Here are some simple tips to help your child develop healthy teeth.  It is very important to start good oral hygiene habits from when the teeth first appear in your baby’s mouth. Good diet and oral hygiene habits will stand them in good stead for a lifetime of healthy teeth.

1. Your child’s first visit to the dentist

Visit your paediatric dentist by the time your baby is aged 12 mo. This is to make sure that you are getting the right advice about feeding your baby and taking care of their new teeth. Diet advice is extremely important to make sure your baby’s teeth will be strong and healthy. For example, try to limit on demand feeding through the night once other solids are introduced. A baby who is having feeds through the night without tooth brushing and multiple carbohydrate snacks during the day is at increased risk of tooth decay.

2. Start cleaning teeth from when they first appear.

At first, you can use a clean damp face washer to wipe the teeth and gums. Later, when more teeth are present, you can start using a small soft baby tooth brush and a small smear of baby toothpaste. This should be done twice daily. Always use a small soft brush. This will allow gums to be cleaned properly. A medium or hard brush is too scratchy to clean the gum line comfortably and will increase the risk of gum disease. This applies to adults as well.

3. Limit saliva contacts.

Children get their oral flora (bacteria) from their primary carers. This means do not share cutlery, cups, drink bottles etc with your baby. Small amounts of saliva can transfer decay causing bacteria to your baby’s mouth.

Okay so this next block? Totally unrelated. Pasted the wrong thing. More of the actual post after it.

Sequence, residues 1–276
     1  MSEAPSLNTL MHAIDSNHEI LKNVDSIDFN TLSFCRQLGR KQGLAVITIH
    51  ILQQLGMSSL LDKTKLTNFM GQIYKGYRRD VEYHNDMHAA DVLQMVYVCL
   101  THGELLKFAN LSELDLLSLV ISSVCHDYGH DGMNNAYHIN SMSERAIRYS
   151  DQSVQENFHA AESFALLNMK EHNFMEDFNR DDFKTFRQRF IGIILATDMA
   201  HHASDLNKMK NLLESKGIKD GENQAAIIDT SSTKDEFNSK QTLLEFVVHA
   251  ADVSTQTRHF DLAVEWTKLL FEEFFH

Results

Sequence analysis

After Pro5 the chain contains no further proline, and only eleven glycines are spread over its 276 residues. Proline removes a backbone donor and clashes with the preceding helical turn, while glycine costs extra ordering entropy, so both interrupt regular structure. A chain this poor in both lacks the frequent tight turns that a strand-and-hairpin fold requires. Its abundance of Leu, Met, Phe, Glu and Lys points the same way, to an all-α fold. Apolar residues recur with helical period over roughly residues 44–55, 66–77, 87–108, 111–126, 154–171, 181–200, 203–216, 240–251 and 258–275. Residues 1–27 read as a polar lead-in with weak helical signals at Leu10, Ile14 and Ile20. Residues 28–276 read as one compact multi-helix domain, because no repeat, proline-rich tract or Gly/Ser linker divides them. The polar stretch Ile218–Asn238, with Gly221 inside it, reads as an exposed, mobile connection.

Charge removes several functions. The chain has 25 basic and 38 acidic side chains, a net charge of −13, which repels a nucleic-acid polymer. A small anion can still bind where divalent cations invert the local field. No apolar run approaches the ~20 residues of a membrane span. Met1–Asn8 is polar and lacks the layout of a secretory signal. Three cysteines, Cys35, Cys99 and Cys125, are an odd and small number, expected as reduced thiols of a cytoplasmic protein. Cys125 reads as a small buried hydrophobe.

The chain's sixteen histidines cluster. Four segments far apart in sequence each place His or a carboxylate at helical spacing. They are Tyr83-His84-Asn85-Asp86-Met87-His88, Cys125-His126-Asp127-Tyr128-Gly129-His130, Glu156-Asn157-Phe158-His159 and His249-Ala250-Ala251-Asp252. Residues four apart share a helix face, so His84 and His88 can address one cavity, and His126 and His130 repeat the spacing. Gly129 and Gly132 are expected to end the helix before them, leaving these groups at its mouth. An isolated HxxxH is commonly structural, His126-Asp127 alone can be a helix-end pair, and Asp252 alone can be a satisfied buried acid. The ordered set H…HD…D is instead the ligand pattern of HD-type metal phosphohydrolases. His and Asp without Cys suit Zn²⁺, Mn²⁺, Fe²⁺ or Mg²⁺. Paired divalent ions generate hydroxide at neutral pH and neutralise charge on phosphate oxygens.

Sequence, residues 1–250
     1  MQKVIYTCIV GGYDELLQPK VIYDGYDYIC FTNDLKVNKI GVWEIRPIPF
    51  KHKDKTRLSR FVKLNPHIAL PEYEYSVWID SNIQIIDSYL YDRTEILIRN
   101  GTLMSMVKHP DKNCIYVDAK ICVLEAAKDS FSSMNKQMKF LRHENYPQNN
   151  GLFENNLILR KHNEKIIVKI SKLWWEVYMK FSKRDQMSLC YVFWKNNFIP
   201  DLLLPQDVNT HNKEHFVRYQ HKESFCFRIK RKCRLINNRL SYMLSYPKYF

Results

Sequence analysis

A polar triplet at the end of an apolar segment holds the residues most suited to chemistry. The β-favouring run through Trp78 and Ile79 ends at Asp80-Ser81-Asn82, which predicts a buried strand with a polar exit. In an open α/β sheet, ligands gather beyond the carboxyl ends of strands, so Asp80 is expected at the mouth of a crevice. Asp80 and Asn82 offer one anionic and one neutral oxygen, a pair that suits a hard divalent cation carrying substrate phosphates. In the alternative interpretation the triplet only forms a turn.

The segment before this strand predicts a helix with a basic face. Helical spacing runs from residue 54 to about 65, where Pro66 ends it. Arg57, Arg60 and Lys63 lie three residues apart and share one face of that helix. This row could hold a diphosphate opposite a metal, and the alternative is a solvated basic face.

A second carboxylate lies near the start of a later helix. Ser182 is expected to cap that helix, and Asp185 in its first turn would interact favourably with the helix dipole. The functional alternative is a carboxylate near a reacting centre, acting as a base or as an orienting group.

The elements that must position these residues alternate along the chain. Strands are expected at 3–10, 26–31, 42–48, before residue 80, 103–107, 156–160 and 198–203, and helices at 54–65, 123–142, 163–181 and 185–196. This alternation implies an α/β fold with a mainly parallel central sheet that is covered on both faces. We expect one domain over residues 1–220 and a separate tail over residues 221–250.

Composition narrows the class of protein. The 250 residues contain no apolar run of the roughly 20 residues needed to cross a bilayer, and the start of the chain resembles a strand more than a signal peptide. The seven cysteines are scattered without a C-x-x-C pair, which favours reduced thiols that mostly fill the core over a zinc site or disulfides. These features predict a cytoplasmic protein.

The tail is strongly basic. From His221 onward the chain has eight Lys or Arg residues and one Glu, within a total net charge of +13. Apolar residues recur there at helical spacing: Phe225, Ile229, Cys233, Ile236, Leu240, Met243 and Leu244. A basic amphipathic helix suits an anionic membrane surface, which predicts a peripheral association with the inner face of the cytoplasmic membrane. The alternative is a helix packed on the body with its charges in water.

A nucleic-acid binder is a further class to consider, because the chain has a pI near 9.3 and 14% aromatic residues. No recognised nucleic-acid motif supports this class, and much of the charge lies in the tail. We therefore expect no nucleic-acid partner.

4. If your child uses a dummy, make sure that, if it needs to be cleaned, (eg after falling on the floor) it can be properly cleaned and not just swiped through your mouth. This is another way bacteria can be transferred from a parent’s mouth to your baby.

5. The last thing that goes into your child’s mouth before bed is a toothbrush with fluoride toothpaste.

For babies, a smear of baby strength fluoride toothpaste and for young children a small dollop of low strength fluoride toothpaste. For children old enough to rinse and spit after brushing, make sure they are using a 6+ age fluoride toothpaste.

6. Brush twice daily – morning and night.

A parent needs to brush morning  and before bed. Start flossing once back teeth touch together side by side

7. Encourage your child to drink water and milk only.

Sweetened drinks such as juice provide little nutritional value and are a source of fructose which is also a contributor to tooth decay. Sweet drinks are for special occasions and should not be part of everyday diet.

8. Limit processed snacks.

Anything that comes in a plastic packet is likely to be processed and a poor choice for your child’s health. While they may be convenient, good nutrition is best provided by foods that are raw or unprocessed. Fresh fruit ( but not more than 2 serves per day), dairy such as cheese, nuts (if allowed) and  wholegrains are much better choices

9. Brush your child’s teeth until they are at least 8 years old.

Most kids don’t have the dexterity or attention span to clean every tooth properly until at least this age


10. Brush your own teeth twice daily with fluoride toothpaste

Parents need good habits so kids can get a good example


11. Visit your dentist to make sure your teeth are healthy too.

Chances are that if you have cavities, you will pass on the decay causing bacteria to your child which greatly increases the risk of your child suffering from tooth decay.


12. Take your child to your paediatric dentist every 6 months.

Early visits should be fun and a way of introducing your child to the dentist and helping them gain trust. Later, if your child needs to have some dental treatment, they have already built up a “bank account of good dental experiences” which will help them cope with dental procedures. It is important that your child learns that the dentist is there to take care of them.